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Starring: Issei Ogata, Rie Miyazawa
Director: Jun Ichikawa
Rating: PG
Year Made: 2005








Languages: Japanese
Subtitles: English & Chinese
Aspect Ratio: 16x9 Letterbox
Sound: Dolby Digital 2.0
Running Time: 1 hr 15 mins
Region Code: 3
Distributor: Comstar Entertainment




A simple, undemanding mechanical draftsman who lives a lonely existence meets a young and beautiful girl who he falls for her instantly, despite their 15-year age difference. He soon discovers that his new wife is a shopaholic who cannot stop buying clothing and when tragedy strikes, he is forced to look at his life in a whole different way.


While it appears that my trusted fellow columnist who reviewed this art house film during its theatrical release isn’t exactly its biggest fan, I’d choose to think that he did not really mean to bash the movie that badly.

You see, many people believe that the movie-going experience is only complete if there is a movie partner, and since he watched it in a theatre, it is only logical that he had someone watching the movie with him.

And for a film that deals with stark themes of loss and loneliness, I’d suppose that the depressing emptiness of the message behind it will be best felt when you watch it alone, preferably late at night, when there is not a single soul you can share your thoughts with.

Now, that is the kind of loneliness the titular character of this Japanese production probably felt all his life. And judging from his appearance, he sure looks like he had been suffering in silent solitude for the longest time.

The film’s runtime of 75 minutes may seem short, but it feels like a whole lifetime as the narrator would tell you (get ready for a really long list of events): how Tony grew up being shunned because of his western name, how his father never spent much time with him, how he became a technical illustrator with no feelings in his works, how he fell in love somebody 15 years younger, how he plucked up the courage to ask for her hand in marriage, how the girl buys an unimaginable amount of clothes, how she died in an accident, how Tony tries to find himself a replacement companion, and finally, how Tony’s life became empty again.

That story is worthy of one 30-episode television drama serial, if you ask me.

But director Jun Ichikawa does a decent job of translating Haruki Murakami’s widely-read novel onto the celluloid – in less than the typical one-and-a-half-hour movie duration.

The dullness is effectively reflected in the bland and boring shades of grey used in the film. The camera movement is as slow as the pace of the movie. Scenes take their time to transit, with the constant use of a tracking camera. The somewhat monotonous tinkling of piano keys that plays in the background feels like those pieces you’d hear in a lazy lounge on a sleepy afternoon. All these may not be everyone’s cup of tea.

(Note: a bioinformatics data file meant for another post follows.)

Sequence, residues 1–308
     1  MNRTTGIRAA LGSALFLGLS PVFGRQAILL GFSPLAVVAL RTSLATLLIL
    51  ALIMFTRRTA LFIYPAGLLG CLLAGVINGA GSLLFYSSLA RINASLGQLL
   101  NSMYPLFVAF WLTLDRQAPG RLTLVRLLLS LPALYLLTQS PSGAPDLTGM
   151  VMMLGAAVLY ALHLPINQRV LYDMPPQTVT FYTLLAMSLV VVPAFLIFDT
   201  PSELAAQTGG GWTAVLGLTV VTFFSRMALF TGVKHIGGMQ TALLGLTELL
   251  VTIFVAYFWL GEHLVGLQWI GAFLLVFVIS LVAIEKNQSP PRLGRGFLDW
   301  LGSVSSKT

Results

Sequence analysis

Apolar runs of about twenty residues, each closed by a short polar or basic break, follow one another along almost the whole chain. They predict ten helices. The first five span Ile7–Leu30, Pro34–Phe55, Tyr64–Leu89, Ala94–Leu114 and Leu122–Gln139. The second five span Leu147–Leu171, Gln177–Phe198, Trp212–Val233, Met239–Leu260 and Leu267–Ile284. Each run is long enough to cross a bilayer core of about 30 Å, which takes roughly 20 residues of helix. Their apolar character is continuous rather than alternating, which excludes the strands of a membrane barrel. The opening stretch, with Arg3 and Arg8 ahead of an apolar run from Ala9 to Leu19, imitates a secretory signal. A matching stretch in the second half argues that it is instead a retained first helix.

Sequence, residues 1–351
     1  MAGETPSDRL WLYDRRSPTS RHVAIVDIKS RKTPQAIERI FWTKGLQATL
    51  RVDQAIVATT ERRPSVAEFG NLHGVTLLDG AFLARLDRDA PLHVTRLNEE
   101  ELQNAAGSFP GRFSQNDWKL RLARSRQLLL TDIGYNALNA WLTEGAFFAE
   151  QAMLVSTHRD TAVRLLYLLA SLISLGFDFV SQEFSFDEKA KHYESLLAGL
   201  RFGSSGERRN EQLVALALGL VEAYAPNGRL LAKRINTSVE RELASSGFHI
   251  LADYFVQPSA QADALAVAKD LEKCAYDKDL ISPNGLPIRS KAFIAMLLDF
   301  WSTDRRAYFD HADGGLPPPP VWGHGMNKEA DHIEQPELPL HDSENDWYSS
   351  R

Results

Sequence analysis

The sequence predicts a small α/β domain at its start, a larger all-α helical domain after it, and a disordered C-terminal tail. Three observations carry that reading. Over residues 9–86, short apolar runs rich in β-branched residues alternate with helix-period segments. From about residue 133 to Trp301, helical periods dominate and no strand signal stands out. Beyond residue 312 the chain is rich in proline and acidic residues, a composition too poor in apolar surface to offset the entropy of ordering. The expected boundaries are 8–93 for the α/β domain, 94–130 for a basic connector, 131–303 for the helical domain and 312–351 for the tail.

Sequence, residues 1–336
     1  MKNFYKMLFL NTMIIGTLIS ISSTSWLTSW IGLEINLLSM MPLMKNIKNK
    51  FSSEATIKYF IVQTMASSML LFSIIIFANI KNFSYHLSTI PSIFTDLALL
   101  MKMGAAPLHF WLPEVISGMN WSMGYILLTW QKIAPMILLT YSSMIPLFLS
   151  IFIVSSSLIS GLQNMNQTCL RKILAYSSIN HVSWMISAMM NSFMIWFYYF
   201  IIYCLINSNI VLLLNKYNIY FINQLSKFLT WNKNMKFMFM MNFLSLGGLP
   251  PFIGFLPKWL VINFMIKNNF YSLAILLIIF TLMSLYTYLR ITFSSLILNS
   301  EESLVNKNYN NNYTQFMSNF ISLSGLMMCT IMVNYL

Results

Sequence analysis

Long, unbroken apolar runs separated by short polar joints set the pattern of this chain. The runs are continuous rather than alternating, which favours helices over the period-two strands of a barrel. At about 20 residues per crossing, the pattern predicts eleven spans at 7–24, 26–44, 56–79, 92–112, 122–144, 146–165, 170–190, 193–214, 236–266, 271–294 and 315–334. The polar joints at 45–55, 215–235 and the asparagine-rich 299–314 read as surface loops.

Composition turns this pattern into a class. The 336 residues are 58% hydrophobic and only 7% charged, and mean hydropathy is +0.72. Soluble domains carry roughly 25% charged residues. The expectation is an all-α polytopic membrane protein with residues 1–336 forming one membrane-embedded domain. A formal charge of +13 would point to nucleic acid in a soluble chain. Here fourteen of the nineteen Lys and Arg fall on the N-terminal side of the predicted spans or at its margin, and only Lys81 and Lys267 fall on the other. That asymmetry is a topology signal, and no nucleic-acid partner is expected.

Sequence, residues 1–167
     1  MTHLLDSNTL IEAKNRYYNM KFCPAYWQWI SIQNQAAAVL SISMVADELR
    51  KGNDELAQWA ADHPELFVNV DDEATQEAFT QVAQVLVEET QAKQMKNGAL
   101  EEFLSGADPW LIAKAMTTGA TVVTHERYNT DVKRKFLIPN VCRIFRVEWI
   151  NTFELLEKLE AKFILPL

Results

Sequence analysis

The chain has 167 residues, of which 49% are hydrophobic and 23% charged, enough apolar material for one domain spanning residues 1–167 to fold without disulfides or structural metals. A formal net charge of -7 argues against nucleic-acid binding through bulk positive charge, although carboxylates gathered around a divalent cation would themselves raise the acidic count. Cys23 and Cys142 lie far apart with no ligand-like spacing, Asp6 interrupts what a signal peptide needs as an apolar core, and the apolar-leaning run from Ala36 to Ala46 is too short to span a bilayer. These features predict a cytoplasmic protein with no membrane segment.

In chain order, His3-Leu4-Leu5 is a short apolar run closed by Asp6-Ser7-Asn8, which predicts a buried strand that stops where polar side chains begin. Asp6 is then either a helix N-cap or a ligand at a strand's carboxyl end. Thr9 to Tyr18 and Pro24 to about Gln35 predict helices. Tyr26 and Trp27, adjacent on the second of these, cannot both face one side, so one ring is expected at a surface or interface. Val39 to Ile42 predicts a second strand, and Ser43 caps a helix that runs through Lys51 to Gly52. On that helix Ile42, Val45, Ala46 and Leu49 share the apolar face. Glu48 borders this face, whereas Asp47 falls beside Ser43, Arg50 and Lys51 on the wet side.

While Rie Miyazawa has the easier task of playing the female lead, it is Issei Ogata I’d applaud for being able to portray one of the most cheer-less characters I’ve ever seen in a film.

Just as you’ve settled down with the fact that probably nothing exciting is going to happen in this man’s life, he becomes happy for the first time during his initial married days. But you also know tragedy will strike when he worries about how he is going to cope when loneliness ever again.

True enough, bad things happen to Tony, simply because the world was never fair to everyone.

When Tony goes back to his discouraged and downcast self, you would wonder whether it was a good thing to be blissful at all, knowing that the end of the day would still bring with it dejections and disappointments.

Like I mentioned in the beginning of this review, to truly understand this disheartening film, it is recommended that you watch it in isolation, and not with a big group of happy people.

That is why I’ve got a higher rating for this film than my trusted fellow columnist, as I’ve long ditched the ideal notion of having movie partners to watch movies with.


Cinematographer Taishi Hirokawa’s choice of dull and bland colours manages to feel sad and forlorn, thanks to the disc’s effective visual transfer. The audio can be heard on Japanese Dolby Digital 2.0, with Ryuichi Sakamoto’s quiet score lingering in the background.


No extra features are included in this Code 3 DVD. What did you expect - a crash course on how to deal with loneliness?



Review by John Li



Alternative Opinion:

The movie review by our columnist

Other titles from Comstar:

. Sex & Philosophy

. Factotum

. Me And You And Everyone We Know

. Lemming

. Adam's Apple

. Crazy

. Invisible Waves

. Paradise Now

. She's The Man

. Russian Dolls

. Beyond The Sea

. Kursk

. Voice

. The Last Communist

. Jasmine Women

. Running Wild

. You are my Sunshine

. My Girl & I

. Half Light

. Mur (The Wall)

. Mrs Henderson Presents

. Hidden

. The Descent

. Sympathy for Lady Vengeance

. A Season for Love

. Horror Theater Series 2

. Horror Theater Series I

. Capturing the Friedmans

. The Wig

. A Wicked Tale

. As It Is In Heaven

. When I Turned 9



This review is made possible with the kind support from Comstar


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